Detective Green: My, my, you are a pretty asshole.
Philip Marlowe: Yeah, my mother always tells me that.
The Coen brothers, writers and directors of The Big Lebowski, have made no secret of their fondness for author Raymond Chandler and his unshakeable detective, Philip Marlowe. Not knowing much about Chandler, that really didn’t mean anything to me. But after seeing The Long Goodbye, director Robert Altman’s adaption of the Chandler novel by the same name, I totally get it now. The convoluted plot, the ridiculous characters, the twist on film noir, Los Angeles as the back drop, the drama of the wealthy and foolish wreaking havoc on all those around them. If you’re a Lebowski fan and haven’t seen The Long Goodbye, I recommend giving it a shot.
To me, what was most fascinating was the Lebowski-Marlowe comparison. Jeff Bridges’ Lebowski is a stoner shlub who loves his weed, White Russians and bowling. He gets dragged into nefarious business that’s not his simply by having the same name – Jeffery Lebowski – as the wealthy man whose drama it truly is. Lebowski stumbles and bumbles his way through a poorly executed ransom payment then stumbles and bumbles some more as he hopes to recover the cash and luck into a payday.
Elliot Gould’s Marlowe is a private detective, although the mystery of who killed Eileen Wade isn’t his case. Marlowe’s pal Roger Wade shows up late one night asking for a lift to Mexico. Marlowe obliges, then is arrested upon his return for aiding and abetting Roger in the murder of his wife. Marlowe is dragged in further by gangster Marty Augustine, who believes that Marlowe knows where Roger and Augustine’s missing money are located. Marlowe neither stumbles nor bumbles, nudging, grimacing, yelling, threatening and smart-alecking his way through the madness in an attempt to figure out who framed his friend and clear his own name, both with the law and the lawless.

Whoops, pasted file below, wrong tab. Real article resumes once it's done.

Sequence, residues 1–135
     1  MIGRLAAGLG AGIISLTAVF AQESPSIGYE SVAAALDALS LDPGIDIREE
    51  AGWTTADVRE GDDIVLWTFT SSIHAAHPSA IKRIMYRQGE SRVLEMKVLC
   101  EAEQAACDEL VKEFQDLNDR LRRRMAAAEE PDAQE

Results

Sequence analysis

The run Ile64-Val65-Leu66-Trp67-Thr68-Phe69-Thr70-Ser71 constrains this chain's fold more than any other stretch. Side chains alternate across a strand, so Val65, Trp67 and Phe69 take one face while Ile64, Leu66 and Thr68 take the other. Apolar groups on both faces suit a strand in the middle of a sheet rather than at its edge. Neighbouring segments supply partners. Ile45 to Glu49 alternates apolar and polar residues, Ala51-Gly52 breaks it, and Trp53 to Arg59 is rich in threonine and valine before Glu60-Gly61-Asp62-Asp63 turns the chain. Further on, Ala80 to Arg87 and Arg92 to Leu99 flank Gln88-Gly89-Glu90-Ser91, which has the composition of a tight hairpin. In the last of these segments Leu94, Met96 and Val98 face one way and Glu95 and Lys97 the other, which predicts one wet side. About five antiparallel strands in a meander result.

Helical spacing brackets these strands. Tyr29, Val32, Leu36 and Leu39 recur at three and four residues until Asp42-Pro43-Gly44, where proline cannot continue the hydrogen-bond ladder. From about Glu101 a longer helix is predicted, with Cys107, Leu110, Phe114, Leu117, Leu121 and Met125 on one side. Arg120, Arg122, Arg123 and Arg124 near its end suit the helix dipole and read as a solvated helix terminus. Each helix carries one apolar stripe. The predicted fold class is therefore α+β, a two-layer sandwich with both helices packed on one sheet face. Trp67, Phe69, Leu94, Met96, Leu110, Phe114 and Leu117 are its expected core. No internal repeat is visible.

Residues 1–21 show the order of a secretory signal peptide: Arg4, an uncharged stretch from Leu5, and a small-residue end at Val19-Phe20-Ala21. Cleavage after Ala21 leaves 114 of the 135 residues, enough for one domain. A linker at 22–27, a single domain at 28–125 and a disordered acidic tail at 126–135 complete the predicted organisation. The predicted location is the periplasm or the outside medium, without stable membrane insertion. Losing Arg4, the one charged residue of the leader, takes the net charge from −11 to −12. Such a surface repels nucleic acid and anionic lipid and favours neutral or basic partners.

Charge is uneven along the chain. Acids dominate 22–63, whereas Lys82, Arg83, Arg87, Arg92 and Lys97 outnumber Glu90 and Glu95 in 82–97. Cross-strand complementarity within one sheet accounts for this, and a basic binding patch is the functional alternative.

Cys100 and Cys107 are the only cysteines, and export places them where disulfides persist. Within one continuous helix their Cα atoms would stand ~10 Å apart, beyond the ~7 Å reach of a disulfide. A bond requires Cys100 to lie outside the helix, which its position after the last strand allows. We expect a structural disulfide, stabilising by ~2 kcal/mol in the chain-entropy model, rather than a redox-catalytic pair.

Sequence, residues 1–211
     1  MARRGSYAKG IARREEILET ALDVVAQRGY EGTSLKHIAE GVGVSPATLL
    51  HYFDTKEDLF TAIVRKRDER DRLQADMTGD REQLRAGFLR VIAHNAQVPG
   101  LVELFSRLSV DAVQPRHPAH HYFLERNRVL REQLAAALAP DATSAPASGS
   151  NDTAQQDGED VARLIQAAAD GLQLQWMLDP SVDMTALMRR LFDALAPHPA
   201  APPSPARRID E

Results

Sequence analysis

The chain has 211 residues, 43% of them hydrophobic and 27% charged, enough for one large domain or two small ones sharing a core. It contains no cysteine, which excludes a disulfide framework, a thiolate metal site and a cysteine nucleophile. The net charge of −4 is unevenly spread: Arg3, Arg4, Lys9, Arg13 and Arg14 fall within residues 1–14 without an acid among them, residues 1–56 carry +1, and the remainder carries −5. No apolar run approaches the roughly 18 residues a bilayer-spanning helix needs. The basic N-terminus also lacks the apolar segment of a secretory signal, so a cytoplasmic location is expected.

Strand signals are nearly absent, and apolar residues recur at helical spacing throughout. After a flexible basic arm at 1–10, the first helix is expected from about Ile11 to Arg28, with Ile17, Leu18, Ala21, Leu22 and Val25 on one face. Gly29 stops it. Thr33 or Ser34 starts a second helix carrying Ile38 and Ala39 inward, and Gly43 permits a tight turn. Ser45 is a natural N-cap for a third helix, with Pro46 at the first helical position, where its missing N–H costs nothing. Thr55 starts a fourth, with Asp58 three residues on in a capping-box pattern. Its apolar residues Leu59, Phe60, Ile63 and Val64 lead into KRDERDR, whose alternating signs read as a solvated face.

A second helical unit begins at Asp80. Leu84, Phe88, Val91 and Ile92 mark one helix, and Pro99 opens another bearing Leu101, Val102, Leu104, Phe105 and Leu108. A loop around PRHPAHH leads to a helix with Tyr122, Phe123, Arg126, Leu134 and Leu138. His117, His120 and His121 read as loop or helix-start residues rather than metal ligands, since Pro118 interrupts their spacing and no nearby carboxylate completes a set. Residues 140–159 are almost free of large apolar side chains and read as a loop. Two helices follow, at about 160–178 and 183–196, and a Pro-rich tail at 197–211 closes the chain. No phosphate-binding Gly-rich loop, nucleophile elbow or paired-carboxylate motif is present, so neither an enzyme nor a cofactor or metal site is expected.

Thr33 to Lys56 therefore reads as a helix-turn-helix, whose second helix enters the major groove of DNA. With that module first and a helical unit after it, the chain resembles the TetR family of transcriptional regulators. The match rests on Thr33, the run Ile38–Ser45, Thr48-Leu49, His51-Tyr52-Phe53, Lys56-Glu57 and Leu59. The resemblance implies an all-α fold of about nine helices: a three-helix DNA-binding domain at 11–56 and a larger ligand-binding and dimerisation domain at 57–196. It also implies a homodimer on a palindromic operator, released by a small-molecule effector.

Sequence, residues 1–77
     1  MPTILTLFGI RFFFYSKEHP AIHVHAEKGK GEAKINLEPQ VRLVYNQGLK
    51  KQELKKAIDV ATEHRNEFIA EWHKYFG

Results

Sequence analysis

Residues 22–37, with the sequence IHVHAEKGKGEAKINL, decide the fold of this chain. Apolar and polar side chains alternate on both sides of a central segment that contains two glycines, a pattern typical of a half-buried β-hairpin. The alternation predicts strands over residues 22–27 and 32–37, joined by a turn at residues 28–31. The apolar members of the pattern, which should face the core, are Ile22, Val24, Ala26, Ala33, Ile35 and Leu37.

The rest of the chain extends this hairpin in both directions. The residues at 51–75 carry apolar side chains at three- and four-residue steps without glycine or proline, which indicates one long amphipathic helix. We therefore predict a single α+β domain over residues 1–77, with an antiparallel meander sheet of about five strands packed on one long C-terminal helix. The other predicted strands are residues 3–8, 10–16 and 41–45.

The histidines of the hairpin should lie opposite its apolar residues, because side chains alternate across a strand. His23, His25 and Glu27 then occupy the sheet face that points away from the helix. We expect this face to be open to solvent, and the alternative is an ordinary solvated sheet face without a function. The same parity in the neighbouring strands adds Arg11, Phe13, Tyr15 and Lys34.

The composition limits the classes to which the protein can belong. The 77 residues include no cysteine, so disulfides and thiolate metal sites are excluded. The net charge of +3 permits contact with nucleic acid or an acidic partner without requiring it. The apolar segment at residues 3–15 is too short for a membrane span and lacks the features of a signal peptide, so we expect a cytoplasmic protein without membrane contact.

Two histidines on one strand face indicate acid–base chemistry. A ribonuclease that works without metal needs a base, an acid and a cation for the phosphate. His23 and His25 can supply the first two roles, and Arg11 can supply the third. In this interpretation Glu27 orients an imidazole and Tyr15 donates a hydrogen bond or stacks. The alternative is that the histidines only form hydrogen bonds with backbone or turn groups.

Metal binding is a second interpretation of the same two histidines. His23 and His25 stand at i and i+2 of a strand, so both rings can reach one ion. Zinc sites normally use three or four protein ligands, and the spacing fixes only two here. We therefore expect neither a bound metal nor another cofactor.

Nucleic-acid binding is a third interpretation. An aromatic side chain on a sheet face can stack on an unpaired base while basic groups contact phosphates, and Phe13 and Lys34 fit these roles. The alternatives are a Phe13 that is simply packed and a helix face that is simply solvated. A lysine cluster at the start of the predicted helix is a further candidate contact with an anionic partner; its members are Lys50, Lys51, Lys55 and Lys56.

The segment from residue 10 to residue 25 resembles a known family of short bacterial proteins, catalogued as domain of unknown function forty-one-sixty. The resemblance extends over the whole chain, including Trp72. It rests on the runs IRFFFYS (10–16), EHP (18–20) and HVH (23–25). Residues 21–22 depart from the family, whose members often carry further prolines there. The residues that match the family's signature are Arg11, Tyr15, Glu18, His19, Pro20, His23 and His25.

The story is similar, and there are even similarities between Marlowe and Lebowski. But while Lebowski is just kind of wandering aimlessly hoping to luck into his fortune and out of trouble, Marlowe only appears to be aimless. His constant smart-ass comments, his chain smoking, his rumpled appearance, his mumbling, all of that are part of the show. He wants to be underestimated, because if you believe he’s a bozo, Marlowe has that much more of a chance to ooze into your life and learn what he wants to learn without you even realizing it. At first, Marlowe very much comes off as incompetent and a jackass. After awhile, the viewer starts to realize that’s just as false as anything Marlowe’s adversaries are throwing at him.
What I’m considering doing now is watching both, back-to-back, just to get a better look at how the two parallel each other. Marlow and Lebowski, two shlubs cut from slightly different cloth.